India has become the world’s third most attractive market for renewable energy

India has become the world’s third most attractive market for renewable energy investment, displacing Germany in the top three, according to Ernst & Young. The UK has also pushed ahead of Germany to fourth place, following the publication of the government’s energy review this month.

“India’s rise to third overall … has been precipitated by excellent national and regional government support for both foreign and local investment in renewable technologies,” the consultancy says in its latest quarterly Renewable Energy Country Attractiveness Index. “Consequently, rapid growth is expected to continue in this market.”

The report notes that installed renewables capacity in India – currently standing at 8GW – is now expected to double every five years, and is forecast to reach 20GW by 2012, twice the government’s target. Full article in Environmental Finance Magazine.

Ashok Toshniwal has provided some valuable comments on the Renewables Market in India (below):
The Hector Molina Sugar Cane Biomass Project provides an interesting example of how project finance risks can be reduced to allow early penetration into renewables markets.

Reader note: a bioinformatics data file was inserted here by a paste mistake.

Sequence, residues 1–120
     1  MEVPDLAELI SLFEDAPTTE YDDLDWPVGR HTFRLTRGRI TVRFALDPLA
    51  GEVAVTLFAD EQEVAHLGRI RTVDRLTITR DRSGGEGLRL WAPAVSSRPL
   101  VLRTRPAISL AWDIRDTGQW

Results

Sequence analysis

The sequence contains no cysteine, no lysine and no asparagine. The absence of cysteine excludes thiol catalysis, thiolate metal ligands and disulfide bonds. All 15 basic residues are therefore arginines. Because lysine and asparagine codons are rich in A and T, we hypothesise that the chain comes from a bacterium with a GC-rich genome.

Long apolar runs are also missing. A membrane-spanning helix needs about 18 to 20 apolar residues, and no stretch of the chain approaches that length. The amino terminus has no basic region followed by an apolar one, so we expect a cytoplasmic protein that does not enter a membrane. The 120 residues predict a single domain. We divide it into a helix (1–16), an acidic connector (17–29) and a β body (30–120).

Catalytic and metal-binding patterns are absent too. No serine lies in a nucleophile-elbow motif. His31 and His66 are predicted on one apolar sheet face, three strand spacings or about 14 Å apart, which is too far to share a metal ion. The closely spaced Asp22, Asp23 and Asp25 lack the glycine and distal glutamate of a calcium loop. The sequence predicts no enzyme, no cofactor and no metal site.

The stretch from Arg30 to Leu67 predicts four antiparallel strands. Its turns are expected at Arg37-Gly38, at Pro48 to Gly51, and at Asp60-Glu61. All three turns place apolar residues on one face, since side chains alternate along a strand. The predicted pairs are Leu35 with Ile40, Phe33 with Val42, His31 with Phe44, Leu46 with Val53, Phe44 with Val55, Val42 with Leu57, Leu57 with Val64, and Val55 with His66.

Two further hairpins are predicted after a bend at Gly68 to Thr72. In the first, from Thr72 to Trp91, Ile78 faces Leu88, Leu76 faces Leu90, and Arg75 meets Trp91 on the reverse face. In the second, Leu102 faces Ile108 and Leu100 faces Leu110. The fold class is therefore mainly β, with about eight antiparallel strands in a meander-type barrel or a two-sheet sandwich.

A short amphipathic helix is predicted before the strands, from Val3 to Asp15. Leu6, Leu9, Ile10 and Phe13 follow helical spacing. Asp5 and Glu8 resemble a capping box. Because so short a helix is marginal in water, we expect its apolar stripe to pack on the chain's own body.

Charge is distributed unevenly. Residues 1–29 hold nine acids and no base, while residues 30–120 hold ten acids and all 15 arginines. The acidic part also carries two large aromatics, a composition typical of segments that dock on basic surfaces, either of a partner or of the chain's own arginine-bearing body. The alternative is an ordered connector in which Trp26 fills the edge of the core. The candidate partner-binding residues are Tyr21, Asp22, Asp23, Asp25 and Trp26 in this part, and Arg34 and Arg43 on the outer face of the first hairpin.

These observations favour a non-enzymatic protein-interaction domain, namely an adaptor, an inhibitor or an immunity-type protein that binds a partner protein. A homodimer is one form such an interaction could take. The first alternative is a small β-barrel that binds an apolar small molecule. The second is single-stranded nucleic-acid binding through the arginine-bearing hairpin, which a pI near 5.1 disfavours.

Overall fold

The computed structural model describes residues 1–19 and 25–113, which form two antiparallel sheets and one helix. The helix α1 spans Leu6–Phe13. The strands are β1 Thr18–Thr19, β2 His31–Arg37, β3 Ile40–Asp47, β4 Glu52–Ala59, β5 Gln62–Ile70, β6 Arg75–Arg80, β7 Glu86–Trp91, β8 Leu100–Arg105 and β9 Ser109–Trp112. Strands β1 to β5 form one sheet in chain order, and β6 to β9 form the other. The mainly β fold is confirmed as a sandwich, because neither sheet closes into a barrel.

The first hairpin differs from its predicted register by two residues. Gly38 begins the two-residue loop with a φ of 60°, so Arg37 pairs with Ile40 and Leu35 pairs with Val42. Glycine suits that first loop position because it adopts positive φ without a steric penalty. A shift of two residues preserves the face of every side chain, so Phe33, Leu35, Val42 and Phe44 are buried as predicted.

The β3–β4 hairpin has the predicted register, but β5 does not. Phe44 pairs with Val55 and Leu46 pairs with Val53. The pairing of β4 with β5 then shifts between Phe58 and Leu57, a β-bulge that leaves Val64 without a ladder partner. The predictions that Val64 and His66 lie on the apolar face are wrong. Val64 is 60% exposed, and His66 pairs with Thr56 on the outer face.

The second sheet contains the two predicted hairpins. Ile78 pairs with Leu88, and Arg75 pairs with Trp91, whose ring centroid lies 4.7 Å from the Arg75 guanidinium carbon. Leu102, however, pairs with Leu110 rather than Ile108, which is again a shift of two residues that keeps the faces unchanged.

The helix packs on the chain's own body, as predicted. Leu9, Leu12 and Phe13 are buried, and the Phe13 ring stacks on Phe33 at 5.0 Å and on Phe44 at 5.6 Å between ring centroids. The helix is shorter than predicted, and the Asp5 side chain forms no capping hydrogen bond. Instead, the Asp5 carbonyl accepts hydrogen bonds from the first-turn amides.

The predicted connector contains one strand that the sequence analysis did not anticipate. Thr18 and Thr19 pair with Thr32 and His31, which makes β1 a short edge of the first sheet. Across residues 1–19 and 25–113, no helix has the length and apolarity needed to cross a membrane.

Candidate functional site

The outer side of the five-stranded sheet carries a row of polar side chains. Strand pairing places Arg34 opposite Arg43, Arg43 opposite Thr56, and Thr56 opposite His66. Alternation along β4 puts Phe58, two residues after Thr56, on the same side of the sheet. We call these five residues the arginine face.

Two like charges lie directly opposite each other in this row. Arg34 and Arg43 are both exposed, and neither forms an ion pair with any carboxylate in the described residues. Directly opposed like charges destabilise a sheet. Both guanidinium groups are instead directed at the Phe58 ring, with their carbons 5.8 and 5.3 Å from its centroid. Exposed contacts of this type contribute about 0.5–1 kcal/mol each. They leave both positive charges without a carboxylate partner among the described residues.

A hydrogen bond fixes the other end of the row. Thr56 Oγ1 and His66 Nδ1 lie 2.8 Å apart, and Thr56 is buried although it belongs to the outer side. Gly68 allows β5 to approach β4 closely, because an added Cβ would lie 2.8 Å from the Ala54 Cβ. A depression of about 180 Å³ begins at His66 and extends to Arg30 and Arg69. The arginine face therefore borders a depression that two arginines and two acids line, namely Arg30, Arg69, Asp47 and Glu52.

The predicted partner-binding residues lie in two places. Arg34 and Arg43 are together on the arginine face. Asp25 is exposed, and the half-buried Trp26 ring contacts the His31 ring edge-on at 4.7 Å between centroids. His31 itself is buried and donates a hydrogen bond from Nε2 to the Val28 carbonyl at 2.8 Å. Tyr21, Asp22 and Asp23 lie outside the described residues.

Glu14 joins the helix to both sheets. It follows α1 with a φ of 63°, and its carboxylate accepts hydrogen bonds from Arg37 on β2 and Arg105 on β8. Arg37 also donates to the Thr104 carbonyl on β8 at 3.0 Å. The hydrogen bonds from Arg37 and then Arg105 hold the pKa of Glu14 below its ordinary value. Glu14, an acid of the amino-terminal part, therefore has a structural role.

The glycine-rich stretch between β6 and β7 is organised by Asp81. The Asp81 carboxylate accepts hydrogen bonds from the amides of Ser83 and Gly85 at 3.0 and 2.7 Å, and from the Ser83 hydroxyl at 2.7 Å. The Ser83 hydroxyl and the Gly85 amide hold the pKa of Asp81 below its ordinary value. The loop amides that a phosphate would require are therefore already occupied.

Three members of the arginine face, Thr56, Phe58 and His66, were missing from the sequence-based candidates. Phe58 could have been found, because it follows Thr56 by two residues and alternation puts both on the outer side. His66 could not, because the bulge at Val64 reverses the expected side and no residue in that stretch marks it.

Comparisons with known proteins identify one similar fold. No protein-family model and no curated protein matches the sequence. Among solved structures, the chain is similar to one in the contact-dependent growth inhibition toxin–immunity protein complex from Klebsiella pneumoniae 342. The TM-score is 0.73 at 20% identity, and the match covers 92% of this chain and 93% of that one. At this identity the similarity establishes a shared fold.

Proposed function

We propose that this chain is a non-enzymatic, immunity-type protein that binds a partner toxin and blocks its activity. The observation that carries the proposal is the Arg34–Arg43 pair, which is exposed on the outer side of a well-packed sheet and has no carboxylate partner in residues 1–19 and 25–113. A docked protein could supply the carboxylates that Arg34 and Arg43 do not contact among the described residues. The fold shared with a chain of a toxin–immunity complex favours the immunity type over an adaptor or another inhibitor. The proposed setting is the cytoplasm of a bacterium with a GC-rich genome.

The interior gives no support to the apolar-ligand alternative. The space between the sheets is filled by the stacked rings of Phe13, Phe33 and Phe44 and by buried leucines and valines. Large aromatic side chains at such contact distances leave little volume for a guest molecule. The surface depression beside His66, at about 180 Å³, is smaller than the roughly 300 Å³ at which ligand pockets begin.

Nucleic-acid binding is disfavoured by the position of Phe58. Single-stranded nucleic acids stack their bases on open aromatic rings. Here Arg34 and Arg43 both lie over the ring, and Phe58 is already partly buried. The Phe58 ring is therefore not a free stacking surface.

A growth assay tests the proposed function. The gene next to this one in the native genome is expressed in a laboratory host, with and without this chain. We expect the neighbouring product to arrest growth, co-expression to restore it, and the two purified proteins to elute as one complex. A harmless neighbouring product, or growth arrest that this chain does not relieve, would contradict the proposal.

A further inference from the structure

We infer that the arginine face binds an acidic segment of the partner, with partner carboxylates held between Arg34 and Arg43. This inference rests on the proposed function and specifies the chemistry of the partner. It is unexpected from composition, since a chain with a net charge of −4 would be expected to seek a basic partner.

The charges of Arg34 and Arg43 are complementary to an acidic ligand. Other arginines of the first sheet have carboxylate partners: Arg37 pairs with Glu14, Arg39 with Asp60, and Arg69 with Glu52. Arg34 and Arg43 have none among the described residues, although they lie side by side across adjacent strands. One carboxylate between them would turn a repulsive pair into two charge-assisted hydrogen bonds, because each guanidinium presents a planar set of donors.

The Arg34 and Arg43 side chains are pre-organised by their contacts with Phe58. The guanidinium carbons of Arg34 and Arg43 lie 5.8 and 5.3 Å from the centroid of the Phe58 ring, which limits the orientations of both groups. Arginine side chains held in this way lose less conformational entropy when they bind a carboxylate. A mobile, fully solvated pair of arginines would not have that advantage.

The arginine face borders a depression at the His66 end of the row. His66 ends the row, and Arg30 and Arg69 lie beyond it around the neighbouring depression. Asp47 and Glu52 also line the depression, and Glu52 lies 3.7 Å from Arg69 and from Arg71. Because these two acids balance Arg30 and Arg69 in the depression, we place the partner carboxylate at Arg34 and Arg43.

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2 Responses to India has become the world’s third most attractive market for renewable energy

  1. Ashok Toshniwal says:

    Dear Rachael

    Greetings from the silicon city of India, Bangalore.
    While it is good to know that the installed capacity is going to go up to 20 GW by 2012. What is more important is the actual energy generation. Lot of activity is taking place in the sugar industry where bagasse is being used as a fuel. Few Individual companies, at various site locations, are now cumulatively touching 100 Mw of installed capacity. Capacity addition will continue for few more years. Steam turbine manufacturers are doing extremely good.
    Similar situation is with the wind generation.
    Biomass gasification is a very very promising area particularly for thermal application where fossil fuel can be replaced by cheaper and more environmentally friendly biomass. Biomass is being used for power generation via steam route but not much via gasification Compared to this potential, not much of activity in this area is happening. Even power generation can be done and few plants are already operational.

    Small wind is another area which can add substantial capacity.

    Thanks and regards

    Ashok Toshniwal, Bangalore, India.

  2. Dear Ashok Toshniwal

    Thank you for your valuable insights, the sugar industry is indeed an interesting area with plenty of opportunities for project finance. I hope you find the Cuban bagasse project (see link in article) interesting reading, many of the recommended risk managament techniques will be expected to be equally applicable in other ‘risky’ renewables markets.

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